Ahmad Musa Jebril had a shady reputation that preceded him, yet he was still a mystery to many in suburban Detroit’s Muslim community.
The son of a local imam who had been dismissed by his mosque because of his radical views, the younger Jebril had also been barred by some area mosques for his own extremist rhetoric. So when Jebril started coming around to Masjid Umar Bin Khattab in Brownstown Mi. in the summer of 2003, officials at the mosque warned younger congregants to stay away from him, thinking that if they banned him outright without witnessing an actual transgression, his appeal might increase.
But unbeknownst to mosque officials, Jebril, now 36, had already attracted a group of five to 10 teens and twentysomethings by delivering passionate, teary-eyed lectures about Islamic spirituality and the earliest Muslims while they sat mesmerized on the floor of a spare prayer room in the mosque’s basement.
“He approached us as someone trying to get more involved with the youth of the [mosque],” said Jawad Khan, a 22-year-old senior at the University of Michigan at Dearborn, who was 19 when Jebril came “out of nowhere.” Like his peers, Khan was initially impressed with Jebril, and disregarded the warnings. After all, Khan reasoned, the talks were about spirituality and Islamic history. “He was a very powerful speaker. He could really get your emotions going.”
Many Americans worry that it is just such a combination--a radical leader and impressionable youths--that can lead to the creation of homegrown terrorists, like the 24 British Muslims (three of whom were recent converts) arrested in early August as suspects in a plot to blow up several planes with liquid explosives flying from Heathrow Airport to the United States.
And the reappearance of Yahya--a youth believed to be California native Adam Gadahn--on an FBI list of most-wanted al-Qaeda suspects last spring was a sobering reminder of what happens when an isolated youth is not steered away from extremist rhetoric. Gadahn, who converted to Islam nine years earlier, had no friends and quickly fell in with a group of Muslims overly critical of all things Western, according to a recent article in The Washington Post.
While suspicion in the immediate aftermath of 9/11 tended to focus on extremists from the Middle East or South Asia, recent incidents have focused attention on local recruits, such as the four British Muslim suicide bombers who attacked London’s subway and bus system in July 2005. The arrests of young, North American-raised Muslims in California, New Jersey, Virginia, Toronto, and elsewhere since 9/11 have for many Americans confirmed, or at least fueled suspicions that mosques and other Islamic institutions breed terrorists.
But how real are these fears? Are many Muslim youths in the United States susceptible to radical preaching? Are terrorists being groomed here?
In Detroit, Jebril’s lectures turned into angry rants about western crimes against Muslims and he peppered his talk with invectives against Shi’a Muslims and called on God to turn Jewish children into orphans, Khan recalled. Khan and most of his peers stopped going, and soon, mosque officials also learned about Jebril’s clandestine lectures, and banned him from the mosque barely a month after he had arrived.
Detroit-area Muslims later learned that the FBI was investigating Jebril and his father for terrorism-related activities, and that a Hamas poster was found during a raid on their apartment. The FBI in Detroit declined to comment on whether it is still investigating Jebril on terror suspicions, or what investigators have found so far.
While danger was averted in Detroit, Khan said he has heard of mosques in New York, Houston, and elsewhere where radical messages have an audience. But at least mosque officials in this country are more careful, he said.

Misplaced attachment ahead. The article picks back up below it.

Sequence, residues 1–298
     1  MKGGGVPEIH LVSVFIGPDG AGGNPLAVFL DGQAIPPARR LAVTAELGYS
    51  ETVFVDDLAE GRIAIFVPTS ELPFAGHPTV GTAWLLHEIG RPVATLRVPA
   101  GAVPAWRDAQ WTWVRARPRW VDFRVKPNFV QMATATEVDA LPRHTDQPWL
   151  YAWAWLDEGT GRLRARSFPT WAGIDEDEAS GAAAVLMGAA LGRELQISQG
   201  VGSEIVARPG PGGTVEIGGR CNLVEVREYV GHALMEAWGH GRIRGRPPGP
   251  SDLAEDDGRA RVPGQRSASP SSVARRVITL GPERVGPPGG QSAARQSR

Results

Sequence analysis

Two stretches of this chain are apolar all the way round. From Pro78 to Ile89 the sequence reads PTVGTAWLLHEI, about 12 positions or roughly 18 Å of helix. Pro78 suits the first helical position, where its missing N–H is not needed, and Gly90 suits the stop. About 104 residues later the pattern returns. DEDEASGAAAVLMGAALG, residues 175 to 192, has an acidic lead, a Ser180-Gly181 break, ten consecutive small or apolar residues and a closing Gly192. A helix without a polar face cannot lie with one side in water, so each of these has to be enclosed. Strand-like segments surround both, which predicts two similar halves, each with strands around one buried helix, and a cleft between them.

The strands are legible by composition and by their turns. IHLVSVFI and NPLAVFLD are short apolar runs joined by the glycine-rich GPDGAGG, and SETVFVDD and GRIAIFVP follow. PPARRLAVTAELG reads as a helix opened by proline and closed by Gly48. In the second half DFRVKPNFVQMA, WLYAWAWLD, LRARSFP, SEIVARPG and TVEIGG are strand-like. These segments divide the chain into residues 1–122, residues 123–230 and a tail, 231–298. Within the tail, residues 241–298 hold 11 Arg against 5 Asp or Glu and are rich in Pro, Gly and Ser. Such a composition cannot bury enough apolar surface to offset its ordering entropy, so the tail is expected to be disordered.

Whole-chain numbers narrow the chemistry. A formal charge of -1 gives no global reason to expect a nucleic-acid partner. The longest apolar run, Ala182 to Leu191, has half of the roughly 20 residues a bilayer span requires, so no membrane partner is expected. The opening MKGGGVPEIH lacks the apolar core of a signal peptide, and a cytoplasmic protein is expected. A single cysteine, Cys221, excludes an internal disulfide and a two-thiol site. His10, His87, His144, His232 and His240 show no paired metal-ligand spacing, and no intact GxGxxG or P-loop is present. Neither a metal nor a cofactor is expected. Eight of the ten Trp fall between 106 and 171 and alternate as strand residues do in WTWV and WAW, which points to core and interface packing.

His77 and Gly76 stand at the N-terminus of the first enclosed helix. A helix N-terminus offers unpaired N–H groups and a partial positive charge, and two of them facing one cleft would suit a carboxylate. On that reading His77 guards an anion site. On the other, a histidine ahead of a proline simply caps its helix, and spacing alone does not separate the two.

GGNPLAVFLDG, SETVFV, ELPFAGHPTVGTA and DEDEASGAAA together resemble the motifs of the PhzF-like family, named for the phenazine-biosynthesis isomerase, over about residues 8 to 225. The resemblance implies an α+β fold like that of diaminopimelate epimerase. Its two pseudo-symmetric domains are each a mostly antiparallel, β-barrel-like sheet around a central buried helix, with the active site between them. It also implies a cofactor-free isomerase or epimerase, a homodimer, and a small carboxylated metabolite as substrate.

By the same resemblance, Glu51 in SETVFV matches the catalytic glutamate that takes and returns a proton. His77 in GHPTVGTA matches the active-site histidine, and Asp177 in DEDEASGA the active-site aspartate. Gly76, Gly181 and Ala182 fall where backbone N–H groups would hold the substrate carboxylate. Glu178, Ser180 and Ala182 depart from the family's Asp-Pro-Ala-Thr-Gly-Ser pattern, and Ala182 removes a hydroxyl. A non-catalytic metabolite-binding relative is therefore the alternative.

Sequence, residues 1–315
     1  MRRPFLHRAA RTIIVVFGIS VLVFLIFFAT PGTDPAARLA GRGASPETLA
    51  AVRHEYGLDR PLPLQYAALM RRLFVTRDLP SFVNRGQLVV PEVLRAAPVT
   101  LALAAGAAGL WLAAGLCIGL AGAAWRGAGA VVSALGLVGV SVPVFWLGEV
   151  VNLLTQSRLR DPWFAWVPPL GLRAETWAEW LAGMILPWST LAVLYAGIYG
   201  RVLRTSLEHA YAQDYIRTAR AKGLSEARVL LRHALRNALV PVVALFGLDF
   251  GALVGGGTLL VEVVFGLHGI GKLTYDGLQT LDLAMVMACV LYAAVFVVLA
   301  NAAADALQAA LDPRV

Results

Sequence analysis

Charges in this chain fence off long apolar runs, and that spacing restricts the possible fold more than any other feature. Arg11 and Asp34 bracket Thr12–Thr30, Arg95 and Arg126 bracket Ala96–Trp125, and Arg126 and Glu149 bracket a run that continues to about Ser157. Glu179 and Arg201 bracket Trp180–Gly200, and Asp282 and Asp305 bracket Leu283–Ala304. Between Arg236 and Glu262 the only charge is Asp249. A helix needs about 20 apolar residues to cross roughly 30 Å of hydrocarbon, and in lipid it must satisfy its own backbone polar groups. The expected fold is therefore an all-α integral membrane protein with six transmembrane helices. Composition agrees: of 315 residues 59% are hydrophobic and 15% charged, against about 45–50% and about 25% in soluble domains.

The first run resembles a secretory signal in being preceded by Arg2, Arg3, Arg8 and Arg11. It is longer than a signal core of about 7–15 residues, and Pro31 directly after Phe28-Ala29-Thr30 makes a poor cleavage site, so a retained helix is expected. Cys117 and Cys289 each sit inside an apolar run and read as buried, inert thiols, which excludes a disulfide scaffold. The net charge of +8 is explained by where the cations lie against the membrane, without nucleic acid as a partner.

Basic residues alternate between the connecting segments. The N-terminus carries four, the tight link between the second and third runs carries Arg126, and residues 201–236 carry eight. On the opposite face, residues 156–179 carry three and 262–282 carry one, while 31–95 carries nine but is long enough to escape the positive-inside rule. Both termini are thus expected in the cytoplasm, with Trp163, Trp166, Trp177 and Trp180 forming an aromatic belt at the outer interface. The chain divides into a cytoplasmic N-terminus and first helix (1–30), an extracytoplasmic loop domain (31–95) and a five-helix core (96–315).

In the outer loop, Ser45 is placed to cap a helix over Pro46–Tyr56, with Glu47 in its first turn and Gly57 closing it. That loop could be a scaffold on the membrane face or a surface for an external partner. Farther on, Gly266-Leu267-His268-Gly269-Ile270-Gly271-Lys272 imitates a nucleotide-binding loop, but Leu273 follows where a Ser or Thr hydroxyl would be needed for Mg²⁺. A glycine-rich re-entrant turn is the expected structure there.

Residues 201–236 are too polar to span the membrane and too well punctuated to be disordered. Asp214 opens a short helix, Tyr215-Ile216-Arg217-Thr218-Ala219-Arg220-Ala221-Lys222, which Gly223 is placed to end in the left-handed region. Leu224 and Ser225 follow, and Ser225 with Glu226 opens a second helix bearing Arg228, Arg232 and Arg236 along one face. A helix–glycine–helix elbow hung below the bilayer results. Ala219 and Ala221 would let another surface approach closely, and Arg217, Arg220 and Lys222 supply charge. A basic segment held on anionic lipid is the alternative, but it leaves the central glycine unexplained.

Islamic leaders in the United States acknowledge that they cannot completely rule out the possibility of homegrown terrorists. But they assert that their communities are unlikely breeding grounds for them because Muslim Americans, while perhaps angry with American policies in the Islamic world, recognize their freedoms, enjoy greater prosperity, and endure less racism than Muslims in Europe. On the contrary, Muslim Americans, like those from Masjid Umar Bin Khattab, have little tolerance for radicalism, they say.
“Any incident, big or small, weighs upon anybody who’s visibly a Muslim,” said Nadwah Khan, 24, who wears a headscarf and has been active in her Toledo, Ohio, mosque since childhood. “We all worry about it, and we all try to prevent it.”
“As long as Muslims have that feeling that, ‘in spite of everything, things aren’t so bad for Muslims in the U.S.,’ there aren’t going to be those high levels of disenchantment and resentment that allow radicalism to thrive,” said Muqtedar Khan, a political science professor at the University of Delaware and author of “American Muslims.”
But Freedom House in Washington D.C. reported last year that some mosques are stocked with vitriolic literature denigrating other faiths or have links on their websites to Islamic clerics who have made racist statements. In July the Canadian government barred Sheik Riyadh ul-Haq, a British cleric known for vilifying Jews, Hindus, and homosexuals, from entering the country to attend a youth conference organized by the Islamic Foundation of Toronto.
But conference organizers broadcast his speech via teleconference. In newspaper interviews, some conference attendees dismissed the accusations against the cleric, claiming he focused more on spirituality, while the Canada chapter of the Council on American Islamic Relations accused the Canadian government of a double standard for not barring Franklin Graham, who has vilified Muslims, from speaking in Winnipeg this October.
It’s these perceived double standards, along with images of Muslims suffering at the hands of foreign armies in places like Iraq, Palestine, Kashmir, Bosnia and Chechnya, that can anger Muslim Americans.
“There’s a deep feeling of hurt and loss that Muslims here feel because anybody who sees him or herself as a Muslim understands that a core concept in Islam is community, and when one person in the community hurts, the whole community hurts,” explained Junaid Afeef, a researcher with the Institute for Social Policy and Understanding, an Islamic think-tank in Detroit.
In a worst-case scenario, the “hurt” can boil over into violence, as it did in March when Mohammed Reza Taheri-azar plowed a rented silver jeep into a crowd at the University of North Carolina at Chapel Hill, injuring several people. The 22-year-old Iranian native, who graduated from UNC in December, told investigators he was avenging the death of Muslims all over the world. University officials said Taheri-azar acted alone.